Friday, December 02, 2011

Coding Tip of the Day: Using Map<?,?> Collections

I was working on some code in the last few days where I came across a protected Map map instance variable. I examined the code and javadocs which indicated that the intent was to provide a mapping of keys and values. However the actual implementation was setting the keys and values to the same value. This again is not really an issue. However, the usage of the Map was incorrect.

See if you can determine the issue from the code below.
The MapValueHolder<K,V> looks like the following. Here is the implementation.
As a general rule, you should use the key to fetch the value. Even if you expect that the values are the same. Since the instance variable is protected it can be modified in a sub-class, or any class in the same package. Since we code to interfaces, or abstractions (super classes). We can not be sure that the implementation class we are provided does what we expect. In this case, it does what we expect.
MapValueHolder Key --> A
MapValueHolder Key --> B
MapValueHolder Key --> C
A --> A
B --> B
C --> C

Here we continue using another implementation.

This time the result looks different.

MapValueHolder Key --> A
MapValueHolder Key --> B
MapValueHolder Key --> C
A --> null
B --> null
C --> null

This is because our MapValueHolder<K,V> is different.

Admittedly, the implementation above is a bit contrived. We really are getting is a Set<K>. In the next example, we get another result.

The result is considerably different.

MapValueHolder Key --> A
A --> A

Here is the implementation. Again, this is a contrived result where we are just returning the first key and value in a Map<K,V>. Here is another example which demonstrates unexpected results. This results in this very strange result.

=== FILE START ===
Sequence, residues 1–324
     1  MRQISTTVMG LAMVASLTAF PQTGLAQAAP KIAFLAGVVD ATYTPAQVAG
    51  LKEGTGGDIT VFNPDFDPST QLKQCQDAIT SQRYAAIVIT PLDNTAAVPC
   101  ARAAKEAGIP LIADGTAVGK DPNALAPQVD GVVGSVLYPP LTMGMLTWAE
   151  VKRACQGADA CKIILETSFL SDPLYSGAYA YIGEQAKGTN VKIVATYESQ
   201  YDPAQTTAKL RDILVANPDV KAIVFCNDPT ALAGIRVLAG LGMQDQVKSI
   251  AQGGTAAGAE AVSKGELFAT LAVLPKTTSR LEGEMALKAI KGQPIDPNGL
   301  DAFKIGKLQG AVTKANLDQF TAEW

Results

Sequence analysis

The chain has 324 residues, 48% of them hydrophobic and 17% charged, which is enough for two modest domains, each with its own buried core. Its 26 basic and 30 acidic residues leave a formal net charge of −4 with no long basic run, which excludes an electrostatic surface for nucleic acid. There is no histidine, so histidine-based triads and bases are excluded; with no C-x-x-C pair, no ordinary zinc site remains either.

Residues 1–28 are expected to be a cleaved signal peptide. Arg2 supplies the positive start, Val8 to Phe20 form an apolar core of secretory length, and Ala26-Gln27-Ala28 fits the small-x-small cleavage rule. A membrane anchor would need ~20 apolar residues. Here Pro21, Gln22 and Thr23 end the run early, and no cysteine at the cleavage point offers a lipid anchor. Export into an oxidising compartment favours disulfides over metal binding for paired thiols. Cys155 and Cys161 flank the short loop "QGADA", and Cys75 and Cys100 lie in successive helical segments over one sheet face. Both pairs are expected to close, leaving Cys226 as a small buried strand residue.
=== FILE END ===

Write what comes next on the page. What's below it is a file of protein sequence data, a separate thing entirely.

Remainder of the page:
Map --> {}

Here I use reflection to modify the expected result. If you have followed me to this point, you will have learned a little bit about the Java Type system, reflection, abstraction, and Collections. Yet, you may be asking what is the tip? Here are some rules:
  1. Use the keys to fetch values.
  2. Check for null values. In my examples, I did not check for null values.
  3. Use the correct Java Collection.
The Java Collection Framework covers most common cases. Take the time to read about them. The code above was based on a couple of issues I discovered: (1) Using keys for values, and (2) not using the correct collection. In this case, they should have used a List<V>. If they wanted to use an ordered Map<K,V>, they should have used a LinkedHashmap<K,V>

The code for the examples are here:

The code was developed using NetBeans 7.1 RC1.


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